Fareed Rafiq Zakaria (/ /; born 20 January 1964) is an Indian-American journalist, political commentator, and author. He is the host of CNN's Fareed Zakaria GPS and writes a weekly paid column for The Washington Post. He has been a columnist for Newsweek, editor of Newsweek International, and an editor at large of Time.
Fareed Rafiq Zakaria
20 January 1964
|Education||Yale University (BA)|
Harvard University (MA, PhD)
|Notable credit(s)||Fareed Zakaria GPS, host (2008–present)|
Time, contributing editor (2010–2014)
Newsweek International, editor (2000–2010)
Foreign Exchange, host (2005–2007)
Foreign Affairs, former managing editor
(m. 1997; div. 2018)
|Parent(s)||Rafiq Zakaria (father)|
Fatima Zakaria (mother)
|Relatives||Arif Zakaria (cousin)|
Asif Zakaria (cousin)
|Awards||Padma Bhushan (2010)|
Zakaria was born in Mumbai, India, to a Konkani Muslim family. His father, Rafiq Zakaria (1920–2005), was a politician associated with the Indian National Congress and an Islamic theologian. His mother, Fatima Zakaria (1936–2021), his father's second wife, was for a time the editor of the Sunday Times of India. She died during the COVID-19 pandemic.
Zakaria attended the Cathedral and John Connon School in Mumbai. He graduated with a Bachelor of Arts from Yale University in 1986, where he was president of the Yale Political Union, editor in chief of the Yale Political Monthly, a member of the Scroll and Key society, and a member of the Party of the Right. He later gained a PhD in government from Harvard University in 1993, where he studied under Samuel P. Huntington and Stanley Hoffmann, as well as international relations theorist Robert Keohane.
After directing a research project on American foreign policy at Harvard, Zakaria became the managing editor of Foreign Affairs in 1992, at the age of 28. Under his guidance, the magazine was redesigned to be published once every two months, moving away from a quarterly schedule. He served as an adjunct professor at Columbia University, where he taught a seminar on international relations. In October 2000, he was named editor of Newsweek International, and became a weekly columnist for Newsweek. In August 2010, he moved to Time to serve as editor at-large and columnist. He writes a weekly column for The Washington Post and is a contributing editor for the Atlantic Media group, which includes The Atlantic Monthly.
He has published on a variety of subjects for The New York Times, The Wall Street Journal, The New Yorker, The New Republic. For a brief period, he was a wine columnist for the web magazine Slate, with the pseudonym of George Saintsbury, after the English writer.
Zakaria is the author of From Wealth to Power: The Unusual Origins of America's World Role (Princeton, 1998), The Future of Freedom (Norton, 2003), The Post-American World (2008), and In Defense of a Liberal Education (Norton, 2015). He co-edited The American Encounter: The United States and the Making of the Modern World (Basic Books) with James F. Hoge Jr. His last three books have both been New York Times bestsellers and The Future of Freedom and The Post American World have both been translated into more than 25 languages. In 2011 an updated and expanded edition of The Post-American World ("Release 2.0") was published.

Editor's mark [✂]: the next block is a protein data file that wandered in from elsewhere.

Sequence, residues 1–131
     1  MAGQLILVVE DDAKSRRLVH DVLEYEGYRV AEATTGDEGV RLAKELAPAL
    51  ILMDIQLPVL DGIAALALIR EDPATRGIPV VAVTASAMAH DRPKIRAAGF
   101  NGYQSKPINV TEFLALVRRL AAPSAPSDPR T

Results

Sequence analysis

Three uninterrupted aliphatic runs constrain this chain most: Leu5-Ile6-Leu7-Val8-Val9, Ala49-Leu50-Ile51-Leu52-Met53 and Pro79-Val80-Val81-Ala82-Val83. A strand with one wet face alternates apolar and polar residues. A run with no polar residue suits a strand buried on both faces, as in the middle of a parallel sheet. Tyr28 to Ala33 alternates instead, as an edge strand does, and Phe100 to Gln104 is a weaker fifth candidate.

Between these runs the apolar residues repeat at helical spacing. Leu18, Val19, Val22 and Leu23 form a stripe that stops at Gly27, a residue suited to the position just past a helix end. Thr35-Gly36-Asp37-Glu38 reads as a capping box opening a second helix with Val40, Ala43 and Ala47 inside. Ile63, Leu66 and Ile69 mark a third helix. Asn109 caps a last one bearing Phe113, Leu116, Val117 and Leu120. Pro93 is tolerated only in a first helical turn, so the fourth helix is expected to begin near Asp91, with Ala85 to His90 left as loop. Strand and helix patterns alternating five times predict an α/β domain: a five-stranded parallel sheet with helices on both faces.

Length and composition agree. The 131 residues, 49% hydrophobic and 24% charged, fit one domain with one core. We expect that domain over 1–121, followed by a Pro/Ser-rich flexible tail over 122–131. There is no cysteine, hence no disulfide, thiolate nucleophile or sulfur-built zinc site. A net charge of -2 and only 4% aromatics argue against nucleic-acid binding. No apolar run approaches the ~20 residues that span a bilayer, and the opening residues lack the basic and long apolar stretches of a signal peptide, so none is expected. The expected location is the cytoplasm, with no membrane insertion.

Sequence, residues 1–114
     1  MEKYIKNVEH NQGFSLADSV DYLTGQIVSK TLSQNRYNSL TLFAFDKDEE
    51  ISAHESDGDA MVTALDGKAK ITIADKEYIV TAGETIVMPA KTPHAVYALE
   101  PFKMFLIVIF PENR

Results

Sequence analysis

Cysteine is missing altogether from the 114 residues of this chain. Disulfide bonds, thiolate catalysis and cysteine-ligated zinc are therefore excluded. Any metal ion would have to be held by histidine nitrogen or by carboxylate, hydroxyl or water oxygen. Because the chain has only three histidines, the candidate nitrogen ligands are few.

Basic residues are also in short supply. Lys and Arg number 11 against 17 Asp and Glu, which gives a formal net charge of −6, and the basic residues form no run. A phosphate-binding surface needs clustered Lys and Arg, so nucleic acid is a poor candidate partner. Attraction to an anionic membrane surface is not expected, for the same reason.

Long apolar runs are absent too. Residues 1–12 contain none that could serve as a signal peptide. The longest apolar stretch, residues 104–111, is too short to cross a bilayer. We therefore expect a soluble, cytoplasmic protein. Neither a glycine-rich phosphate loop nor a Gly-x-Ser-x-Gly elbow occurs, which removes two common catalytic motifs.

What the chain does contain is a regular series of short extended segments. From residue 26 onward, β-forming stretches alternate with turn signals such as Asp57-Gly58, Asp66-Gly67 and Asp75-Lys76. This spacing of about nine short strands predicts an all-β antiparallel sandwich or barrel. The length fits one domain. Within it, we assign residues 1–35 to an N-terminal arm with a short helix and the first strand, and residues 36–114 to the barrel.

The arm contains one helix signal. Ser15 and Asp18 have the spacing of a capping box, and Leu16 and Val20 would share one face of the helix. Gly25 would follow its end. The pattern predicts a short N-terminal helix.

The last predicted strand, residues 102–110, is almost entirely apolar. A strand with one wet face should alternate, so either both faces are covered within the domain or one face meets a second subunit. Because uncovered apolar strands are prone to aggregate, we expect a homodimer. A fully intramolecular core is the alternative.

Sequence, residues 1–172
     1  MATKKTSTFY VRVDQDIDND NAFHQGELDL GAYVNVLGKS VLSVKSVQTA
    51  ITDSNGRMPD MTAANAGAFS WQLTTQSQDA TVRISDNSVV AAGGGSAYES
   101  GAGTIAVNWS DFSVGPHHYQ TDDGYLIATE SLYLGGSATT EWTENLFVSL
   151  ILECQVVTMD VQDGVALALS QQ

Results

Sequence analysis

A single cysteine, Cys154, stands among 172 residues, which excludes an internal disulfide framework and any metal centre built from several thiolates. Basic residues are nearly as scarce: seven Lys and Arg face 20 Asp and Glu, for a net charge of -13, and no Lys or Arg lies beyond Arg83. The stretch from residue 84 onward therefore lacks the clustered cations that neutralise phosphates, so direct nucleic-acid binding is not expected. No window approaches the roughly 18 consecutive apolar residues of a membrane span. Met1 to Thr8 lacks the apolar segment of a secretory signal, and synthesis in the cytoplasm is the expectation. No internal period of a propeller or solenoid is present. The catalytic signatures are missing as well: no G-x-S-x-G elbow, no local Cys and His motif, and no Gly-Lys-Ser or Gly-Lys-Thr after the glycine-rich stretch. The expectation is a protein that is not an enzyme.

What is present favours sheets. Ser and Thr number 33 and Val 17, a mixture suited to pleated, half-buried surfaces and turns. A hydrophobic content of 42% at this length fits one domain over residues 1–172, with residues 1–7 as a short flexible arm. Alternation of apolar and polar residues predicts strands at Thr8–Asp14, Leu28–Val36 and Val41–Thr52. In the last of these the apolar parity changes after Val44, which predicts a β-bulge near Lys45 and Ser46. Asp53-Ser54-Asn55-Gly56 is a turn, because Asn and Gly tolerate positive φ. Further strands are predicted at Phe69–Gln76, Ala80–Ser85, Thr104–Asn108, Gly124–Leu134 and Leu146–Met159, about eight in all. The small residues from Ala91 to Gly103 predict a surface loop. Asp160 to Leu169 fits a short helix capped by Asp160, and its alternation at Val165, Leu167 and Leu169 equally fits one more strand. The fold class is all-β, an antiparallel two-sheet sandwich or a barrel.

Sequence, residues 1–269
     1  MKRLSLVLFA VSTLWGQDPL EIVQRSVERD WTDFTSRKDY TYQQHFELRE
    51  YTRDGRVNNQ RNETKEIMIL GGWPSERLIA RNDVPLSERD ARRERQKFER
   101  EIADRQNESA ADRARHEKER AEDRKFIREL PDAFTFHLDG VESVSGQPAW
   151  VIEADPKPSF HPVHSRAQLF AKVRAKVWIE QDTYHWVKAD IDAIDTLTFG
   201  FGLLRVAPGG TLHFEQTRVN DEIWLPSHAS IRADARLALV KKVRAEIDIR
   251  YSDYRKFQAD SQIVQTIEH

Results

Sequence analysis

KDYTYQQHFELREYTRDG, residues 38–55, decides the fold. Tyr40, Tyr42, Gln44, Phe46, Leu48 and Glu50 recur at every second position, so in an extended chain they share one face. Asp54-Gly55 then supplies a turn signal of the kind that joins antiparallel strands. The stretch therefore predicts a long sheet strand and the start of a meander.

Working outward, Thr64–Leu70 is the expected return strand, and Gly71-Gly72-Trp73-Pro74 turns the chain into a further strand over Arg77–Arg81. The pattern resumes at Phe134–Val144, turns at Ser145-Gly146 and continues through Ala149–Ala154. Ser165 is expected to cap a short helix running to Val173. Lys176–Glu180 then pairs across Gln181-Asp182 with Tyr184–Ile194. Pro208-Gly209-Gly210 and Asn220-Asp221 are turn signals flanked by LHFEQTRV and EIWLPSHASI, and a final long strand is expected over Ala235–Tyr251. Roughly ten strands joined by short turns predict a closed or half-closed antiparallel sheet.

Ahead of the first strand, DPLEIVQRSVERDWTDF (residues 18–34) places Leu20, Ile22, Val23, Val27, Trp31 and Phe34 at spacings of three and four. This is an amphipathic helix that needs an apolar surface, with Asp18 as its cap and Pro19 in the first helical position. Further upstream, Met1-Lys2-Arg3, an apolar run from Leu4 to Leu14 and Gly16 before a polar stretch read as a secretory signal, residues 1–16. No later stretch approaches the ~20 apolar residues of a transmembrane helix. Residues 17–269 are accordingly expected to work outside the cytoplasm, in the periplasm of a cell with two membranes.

Zakaria was a news analyst with ABC's This Week with George Stephanopoulos (2002–2007) where he was a member of the Sunday morning roundtable. He hosted the weekly TV news show, Foreign Exchange with Fareed Zakaria on PBS (2005–08). His weekly show, Fareed Zakaria GPS (Global Public Square), premiered on CNN in June 2008. It airs twice weekly in the United States and four times weekly on CNN International, reaching over 200 million homes. It celebrated its 10th anniversary on 5 June 2018, as announced on the weekly foreign affairs show on CNN.
Zakaria self-identifies as a "centrist", though he has been described variously as a political liberal, a conservative, a moderate, or a radical centrist. George Stephanopoulos said of him in 2003, "He's so well versed in politics, and he can't be pigeonholed. I can't be sure whenever I turn to him where he's going to be coming from or what he's going to say." Zakaria wrote in February 2008 that "Conservatism grew powerful in the 1970s and 1980s because it proposed solutions appropriate to the problems of the age", adding that "a new world requires new thinking". He supported Barack Obama during the 2008 Democratic primary campaign and also for president. In January 2009, Forbes referred to Zakaria as one of the 25 most influential liberals in the American media. Zakaria has stated that he tries not to be devoted to any type of ideology, saying "I feel that's part of my job... which is not to pick sides but to explain what I think is happening on the ground. I can't say, 'This is my team and I'm going to root for them no matter what they do.'"
Zakaria "may have more intellectual range and insights than any other public thinker in the West," wrote David Shribman in The Boston Globe. In 2003, former Secretary of State Henry Kissinger told New York Magazine that Zakaria "has a first-class mind and likes to say things that run against conventional wisdom." However, in 2011, the editors of The New Republic included him in a list of "over-rated thinkers" and commented, "There's something suspicious about a thinker always so perfectly in tune with the moment."